I'd all so point out that they're calling for a data management model that tames storage growth, sets SLA's for production applications, leverages backups as assets instead of insurance, and manages data in its native format to make it accessible instantly. For all the breadth of their current product line... they have NONE of those capabilities today, and Actifio has ALL of them.
Whoa, EMC has suddenly seen the light! Static backup copies are baaaaad!
Christ, ask any Netapp customer about using backup or DR copies for test and dev. They've been doing this for ages with snapmirror and snapvault, combined with flexclones. Clone the mirror or the backup, work on the clone. When done testing, discard the clone. If you want to keep the clone, split it off if needed. No big deal, basic array functionality. Of all people, Manley should know this. And now he comes along and starts preaching this stuff as if it's some kind of revolutionary idea? Come on...
@anon: Man, you're absolutely right. They really need to get some consistency in their messaging. When are they going to ditch networker and data domain? They just said that the concept behind those products is fundamentally broken. The article's title sums it up nicely, really...
PS: yes, I created my account today, and explicitly to react to this article. I've been an avid Reg reader for years, but only until now have I felt the need to respond. I have experience with both EMC and Netapp arrays, but I'm not affiliated with either one.
One of the issues here is that by its very nature Backup is not dead, it lives on, and on, and on. What is considered to be outdated is still very much active, seven or more years after it is taken as a backup. So, whatever technology you bring in has to be alive and supported for a prolonged period of time.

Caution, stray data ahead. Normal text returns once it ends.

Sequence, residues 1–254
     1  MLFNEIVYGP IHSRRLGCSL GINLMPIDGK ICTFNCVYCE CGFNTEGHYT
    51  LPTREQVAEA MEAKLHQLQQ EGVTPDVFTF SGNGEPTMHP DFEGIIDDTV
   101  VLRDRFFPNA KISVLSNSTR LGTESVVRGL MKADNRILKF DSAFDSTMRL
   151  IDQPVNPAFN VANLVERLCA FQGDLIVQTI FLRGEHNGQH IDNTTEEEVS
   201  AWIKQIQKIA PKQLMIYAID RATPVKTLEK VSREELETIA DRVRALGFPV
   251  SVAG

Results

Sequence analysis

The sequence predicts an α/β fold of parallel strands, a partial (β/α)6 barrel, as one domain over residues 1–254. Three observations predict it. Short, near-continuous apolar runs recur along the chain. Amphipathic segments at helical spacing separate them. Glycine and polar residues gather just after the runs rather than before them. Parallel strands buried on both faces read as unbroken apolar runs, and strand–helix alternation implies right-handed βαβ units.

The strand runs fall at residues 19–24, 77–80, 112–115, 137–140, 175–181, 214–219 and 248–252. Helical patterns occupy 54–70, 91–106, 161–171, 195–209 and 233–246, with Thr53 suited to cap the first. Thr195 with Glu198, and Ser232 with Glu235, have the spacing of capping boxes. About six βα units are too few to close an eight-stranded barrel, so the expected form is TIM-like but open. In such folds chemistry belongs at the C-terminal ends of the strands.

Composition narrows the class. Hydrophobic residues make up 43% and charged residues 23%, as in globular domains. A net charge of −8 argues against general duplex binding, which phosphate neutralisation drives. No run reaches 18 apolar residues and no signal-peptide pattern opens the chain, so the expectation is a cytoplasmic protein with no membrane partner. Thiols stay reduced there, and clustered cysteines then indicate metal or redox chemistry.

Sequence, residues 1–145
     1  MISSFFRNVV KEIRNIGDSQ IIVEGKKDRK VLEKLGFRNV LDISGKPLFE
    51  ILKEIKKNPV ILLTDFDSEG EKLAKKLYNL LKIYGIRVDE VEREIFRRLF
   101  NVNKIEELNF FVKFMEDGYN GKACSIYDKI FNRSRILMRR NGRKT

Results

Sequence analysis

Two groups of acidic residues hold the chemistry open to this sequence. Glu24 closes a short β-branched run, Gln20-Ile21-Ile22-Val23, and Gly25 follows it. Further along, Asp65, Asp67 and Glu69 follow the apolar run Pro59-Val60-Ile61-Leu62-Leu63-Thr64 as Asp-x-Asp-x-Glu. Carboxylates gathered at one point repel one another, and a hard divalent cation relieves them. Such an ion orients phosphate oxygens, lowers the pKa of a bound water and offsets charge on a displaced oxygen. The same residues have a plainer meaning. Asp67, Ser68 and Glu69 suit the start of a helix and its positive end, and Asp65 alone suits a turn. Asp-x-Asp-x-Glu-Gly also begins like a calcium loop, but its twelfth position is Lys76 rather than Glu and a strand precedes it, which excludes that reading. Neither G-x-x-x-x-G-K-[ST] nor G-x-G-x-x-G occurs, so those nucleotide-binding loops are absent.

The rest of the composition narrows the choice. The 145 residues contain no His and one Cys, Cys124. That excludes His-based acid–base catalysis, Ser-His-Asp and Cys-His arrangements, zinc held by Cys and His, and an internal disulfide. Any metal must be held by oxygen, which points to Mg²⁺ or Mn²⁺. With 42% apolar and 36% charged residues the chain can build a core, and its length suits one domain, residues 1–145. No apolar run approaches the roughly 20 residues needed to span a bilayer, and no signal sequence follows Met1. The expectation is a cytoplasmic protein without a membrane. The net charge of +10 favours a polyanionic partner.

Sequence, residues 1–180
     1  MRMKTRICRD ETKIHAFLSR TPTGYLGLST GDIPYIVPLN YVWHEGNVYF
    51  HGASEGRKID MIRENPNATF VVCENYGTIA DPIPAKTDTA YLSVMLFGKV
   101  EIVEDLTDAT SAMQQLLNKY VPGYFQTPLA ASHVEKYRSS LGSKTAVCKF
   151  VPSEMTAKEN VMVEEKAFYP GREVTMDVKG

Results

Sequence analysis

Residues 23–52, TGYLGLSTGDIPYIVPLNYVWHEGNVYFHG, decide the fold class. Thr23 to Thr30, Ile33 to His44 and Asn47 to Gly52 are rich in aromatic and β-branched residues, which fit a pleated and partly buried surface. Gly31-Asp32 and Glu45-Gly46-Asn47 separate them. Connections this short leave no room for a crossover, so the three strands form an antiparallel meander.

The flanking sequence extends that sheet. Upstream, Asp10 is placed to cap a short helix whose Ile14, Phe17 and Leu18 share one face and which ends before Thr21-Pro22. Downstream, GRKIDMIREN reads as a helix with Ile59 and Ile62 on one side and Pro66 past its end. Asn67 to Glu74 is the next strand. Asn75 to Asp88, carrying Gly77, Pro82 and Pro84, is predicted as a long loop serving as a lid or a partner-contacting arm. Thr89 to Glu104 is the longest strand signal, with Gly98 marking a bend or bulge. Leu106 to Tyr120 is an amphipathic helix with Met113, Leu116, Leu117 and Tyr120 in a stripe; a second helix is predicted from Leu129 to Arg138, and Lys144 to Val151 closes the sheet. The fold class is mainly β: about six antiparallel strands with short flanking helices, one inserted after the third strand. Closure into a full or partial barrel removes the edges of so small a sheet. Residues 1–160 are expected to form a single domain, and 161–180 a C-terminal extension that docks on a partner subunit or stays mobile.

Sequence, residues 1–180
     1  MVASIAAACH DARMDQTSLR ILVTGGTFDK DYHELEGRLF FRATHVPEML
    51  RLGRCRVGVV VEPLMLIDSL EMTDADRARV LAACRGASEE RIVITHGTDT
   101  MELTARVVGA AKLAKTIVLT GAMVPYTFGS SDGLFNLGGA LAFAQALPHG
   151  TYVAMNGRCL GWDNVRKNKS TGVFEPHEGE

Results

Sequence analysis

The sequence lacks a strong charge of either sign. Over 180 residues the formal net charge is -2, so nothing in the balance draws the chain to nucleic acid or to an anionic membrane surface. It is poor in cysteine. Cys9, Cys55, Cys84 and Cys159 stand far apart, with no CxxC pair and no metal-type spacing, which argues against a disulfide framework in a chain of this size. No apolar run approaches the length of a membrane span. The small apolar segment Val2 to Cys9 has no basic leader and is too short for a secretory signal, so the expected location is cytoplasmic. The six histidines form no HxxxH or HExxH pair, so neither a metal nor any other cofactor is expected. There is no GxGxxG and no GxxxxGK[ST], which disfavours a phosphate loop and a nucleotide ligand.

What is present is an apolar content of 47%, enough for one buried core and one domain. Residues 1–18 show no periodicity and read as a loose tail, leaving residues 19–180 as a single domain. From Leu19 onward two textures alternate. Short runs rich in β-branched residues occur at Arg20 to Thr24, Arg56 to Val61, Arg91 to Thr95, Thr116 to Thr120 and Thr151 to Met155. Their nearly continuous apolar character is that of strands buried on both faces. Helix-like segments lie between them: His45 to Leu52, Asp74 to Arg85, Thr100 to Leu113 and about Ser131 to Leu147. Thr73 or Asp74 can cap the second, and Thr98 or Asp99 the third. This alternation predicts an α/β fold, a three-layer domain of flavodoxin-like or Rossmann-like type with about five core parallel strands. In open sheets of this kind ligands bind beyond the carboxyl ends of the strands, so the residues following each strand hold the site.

The key to this is is solving the rather immature way that IT as a whole deals with data - we readily confuse Backup and Archive. Backup is exactly what it says - a fall back position should it all go wrong, we really only need a month of this (at worst), if you haven't detected your issue after a month then it really isn't a live system.
Archiving is the removal of stale data to another tier. Now this is difficult because unlike the backup chaps who don't care what your data is, the Archive chaps do, a lot.
To my mind there is little point in having a vendor of data buckets pontificating on the relative merits of different types of bucket, with the aim of selling new shiny buckets; when we still have them full of swill. I think the key to this is the database vendors (and I'm looking at Oracle here) to enforce, embue and enable their products to provide archiving as an inherent unavoidable function. Most importantly it needs to be an open standard, vendor agnostic, otherwise companies who take a long term view will stay away in their droves. What and why is the data owner's, how long is Oracle's, where is EMC's responsibility.
HDS has a product in this space, via a company they acquired last year named Cofio.
My bet, EMC purchases its' neighbor Actifio, and renames is VCopy. Leading up to the VCopy product release, VGeek, Chuck, and Zilla all blog on how EMC is about to change the face of the backup market forever. On the day of the announcement, EMC buys 400 new copiers and makes copies of the lawsuit against pure storage for 1 hour, breaking the world record for most copies of a lawsuit made on stage in an hour.